Take a quick look around the office. Do you have any managers working for you (or with you) who are running around like a chicken trying to find a date? Anyone seem like they have insider information on how to brew the best coffee? Is this "leader" always the first one in the office and the last one to leave? You might be working with a selfish leader. Or, you might have a few of these traits and need to work on them yourself. It's a bad way to lead because it is all about looking good and getting the accolades.

Here's how to spot the problem.

1. Stress is the norm

Bad leaders create stress. They have a way of making everything seem urgent, which is usually due to poor planning. Stress is a way to exude control over a situation, and it usually traces back to selfishness. Why is that? Because the leader just wants to look good. When a manager delegates, it reduces stress and creates a calmer environment.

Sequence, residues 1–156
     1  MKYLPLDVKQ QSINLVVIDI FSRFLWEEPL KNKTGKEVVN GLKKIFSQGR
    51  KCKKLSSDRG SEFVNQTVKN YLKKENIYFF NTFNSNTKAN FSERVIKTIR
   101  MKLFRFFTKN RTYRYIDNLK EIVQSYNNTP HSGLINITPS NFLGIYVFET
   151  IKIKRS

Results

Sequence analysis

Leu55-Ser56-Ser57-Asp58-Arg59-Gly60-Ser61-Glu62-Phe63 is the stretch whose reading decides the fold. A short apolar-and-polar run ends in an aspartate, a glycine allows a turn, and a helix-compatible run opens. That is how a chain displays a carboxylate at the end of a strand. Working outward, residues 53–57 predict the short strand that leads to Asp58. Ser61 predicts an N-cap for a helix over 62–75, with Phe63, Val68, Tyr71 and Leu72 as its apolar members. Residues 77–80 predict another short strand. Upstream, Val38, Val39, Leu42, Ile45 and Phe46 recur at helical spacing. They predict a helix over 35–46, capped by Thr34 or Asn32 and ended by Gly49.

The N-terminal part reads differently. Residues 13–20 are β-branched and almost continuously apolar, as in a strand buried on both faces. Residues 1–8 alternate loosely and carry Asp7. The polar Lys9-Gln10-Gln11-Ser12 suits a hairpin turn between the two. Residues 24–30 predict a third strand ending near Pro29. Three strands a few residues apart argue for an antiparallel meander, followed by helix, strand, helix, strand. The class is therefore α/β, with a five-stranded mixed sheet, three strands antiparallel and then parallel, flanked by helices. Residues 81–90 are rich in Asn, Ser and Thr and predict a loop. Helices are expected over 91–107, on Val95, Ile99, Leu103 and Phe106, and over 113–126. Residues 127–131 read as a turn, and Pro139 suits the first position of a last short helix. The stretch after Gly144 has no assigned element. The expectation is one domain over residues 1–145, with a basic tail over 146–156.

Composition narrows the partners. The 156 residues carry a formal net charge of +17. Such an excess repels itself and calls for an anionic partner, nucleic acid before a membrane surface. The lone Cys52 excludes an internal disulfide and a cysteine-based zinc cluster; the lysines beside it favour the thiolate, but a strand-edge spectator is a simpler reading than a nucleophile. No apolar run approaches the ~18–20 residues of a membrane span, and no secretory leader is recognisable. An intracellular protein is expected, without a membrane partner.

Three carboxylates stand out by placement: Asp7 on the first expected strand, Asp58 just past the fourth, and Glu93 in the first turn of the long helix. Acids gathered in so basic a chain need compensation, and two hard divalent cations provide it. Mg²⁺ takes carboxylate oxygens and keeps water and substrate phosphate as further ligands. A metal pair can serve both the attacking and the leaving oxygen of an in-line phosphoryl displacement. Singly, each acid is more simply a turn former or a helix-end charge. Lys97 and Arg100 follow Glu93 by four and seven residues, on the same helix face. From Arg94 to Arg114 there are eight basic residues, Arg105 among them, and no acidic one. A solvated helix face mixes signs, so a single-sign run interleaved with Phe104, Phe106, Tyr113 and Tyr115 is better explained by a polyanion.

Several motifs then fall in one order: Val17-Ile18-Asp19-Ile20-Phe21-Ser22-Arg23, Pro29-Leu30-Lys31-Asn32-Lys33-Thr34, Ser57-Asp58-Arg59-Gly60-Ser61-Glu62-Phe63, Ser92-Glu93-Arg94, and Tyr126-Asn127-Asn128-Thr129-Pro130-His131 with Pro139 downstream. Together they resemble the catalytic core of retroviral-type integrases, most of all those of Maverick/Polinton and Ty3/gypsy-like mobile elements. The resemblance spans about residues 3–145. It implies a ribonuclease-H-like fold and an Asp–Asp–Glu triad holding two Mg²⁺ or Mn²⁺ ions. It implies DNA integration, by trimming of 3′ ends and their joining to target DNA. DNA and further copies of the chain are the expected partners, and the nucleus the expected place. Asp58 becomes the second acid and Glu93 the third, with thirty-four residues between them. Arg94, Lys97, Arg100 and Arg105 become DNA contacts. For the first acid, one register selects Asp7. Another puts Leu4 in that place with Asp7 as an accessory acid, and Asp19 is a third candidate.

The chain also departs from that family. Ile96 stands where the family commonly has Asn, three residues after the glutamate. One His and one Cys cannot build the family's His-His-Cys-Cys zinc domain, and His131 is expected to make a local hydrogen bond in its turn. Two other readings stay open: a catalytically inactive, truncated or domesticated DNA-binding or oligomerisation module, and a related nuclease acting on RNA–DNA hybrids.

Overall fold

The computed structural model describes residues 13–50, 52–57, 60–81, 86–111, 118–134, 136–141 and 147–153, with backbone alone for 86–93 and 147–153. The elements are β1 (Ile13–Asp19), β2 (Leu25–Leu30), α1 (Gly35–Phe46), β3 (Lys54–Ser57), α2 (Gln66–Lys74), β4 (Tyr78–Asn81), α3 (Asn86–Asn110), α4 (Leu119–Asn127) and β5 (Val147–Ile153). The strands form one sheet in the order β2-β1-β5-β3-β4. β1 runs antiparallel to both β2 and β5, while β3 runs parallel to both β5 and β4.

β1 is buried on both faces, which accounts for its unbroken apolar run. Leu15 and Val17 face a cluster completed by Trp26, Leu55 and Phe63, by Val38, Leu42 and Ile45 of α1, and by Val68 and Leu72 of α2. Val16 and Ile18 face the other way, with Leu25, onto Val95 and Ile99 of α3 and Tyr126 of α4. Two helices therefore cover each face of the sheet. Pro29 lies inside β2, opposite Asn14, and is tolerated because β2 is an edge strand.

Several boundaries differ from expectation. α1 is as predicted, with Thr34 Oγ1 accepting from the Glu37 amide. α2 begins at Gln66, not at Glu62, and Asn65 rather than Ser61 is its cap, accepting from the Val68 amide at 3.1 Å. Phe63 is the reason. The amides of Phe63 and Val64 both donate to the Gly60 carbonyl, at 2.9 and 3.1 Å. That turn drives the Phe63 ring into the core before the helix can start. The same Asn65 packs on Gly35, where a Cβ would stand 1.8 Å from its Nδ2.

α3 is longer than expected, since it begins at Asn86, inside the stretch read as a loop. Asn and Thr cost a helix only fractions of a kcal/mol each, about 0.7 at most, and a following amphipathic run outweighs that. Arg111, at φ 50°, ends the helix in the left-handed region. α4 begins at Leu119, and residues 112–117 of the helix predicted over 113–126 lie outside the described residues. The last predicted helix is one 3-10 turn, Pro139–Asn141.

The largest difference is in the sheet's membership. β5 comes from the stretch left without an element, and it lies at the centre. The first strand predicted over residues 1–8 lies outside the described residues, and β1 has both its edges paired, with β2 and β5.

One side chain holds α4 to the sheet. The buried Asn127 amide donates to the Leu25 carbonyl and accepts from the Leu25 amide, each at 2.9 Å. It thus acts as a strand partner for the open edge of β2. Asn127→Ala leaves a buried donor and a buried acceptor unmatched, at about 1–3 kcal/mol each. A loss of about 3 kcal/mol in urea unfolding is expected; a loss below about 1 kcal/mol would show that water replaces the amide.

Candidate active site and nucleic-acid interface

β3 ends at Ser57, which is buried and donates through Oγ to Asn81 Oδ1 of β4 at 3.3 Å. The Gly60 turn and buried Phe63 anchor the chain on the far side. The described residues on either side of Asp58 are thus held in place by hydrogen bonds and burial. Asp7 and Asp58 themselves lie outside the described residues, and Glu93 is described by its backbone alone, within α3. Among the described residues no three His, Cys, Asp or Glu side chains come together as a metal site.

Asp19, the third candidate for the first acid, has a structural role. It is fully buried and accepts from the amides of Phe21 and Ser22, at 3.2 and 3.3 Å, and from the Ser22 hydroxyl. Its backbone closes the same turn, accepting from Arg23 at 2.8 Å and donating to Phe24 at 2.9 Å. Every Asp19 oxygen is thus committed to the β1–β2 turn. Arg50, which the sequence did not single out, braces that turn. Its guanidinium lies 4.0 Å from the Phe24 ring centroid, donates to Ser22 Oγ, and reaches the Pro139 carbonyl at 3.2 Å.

2. Anger is the main motivational factor

You might not think anger and being selfish are related. After all, there are times when it is OK to get mad in the workplace, especially when it's "righteous anger" over the incompetence of a vendor or when a competitor gets sneaky with a new marketing campaign. Anger as a motivator is just a way for a manager to get what he or she wants. It's a form of manipulation. It's better to motivate using encouragement, rewards, and just acknowledging when someone performs well.

3. Everything is last minute

Leaders who do everything because they want to make sure they get all of the attention all share a common trait. They are always in a hurry. That means they tend to do everything by the seat of their pants and quickly assign tasks and ask you to do things without much warning. The best leaders have a plan and tend to communicate about upcoming tasks. The main goal is for the department or the company itself to move forward, and that always takes planning.

Which traits would you add? Send me an email.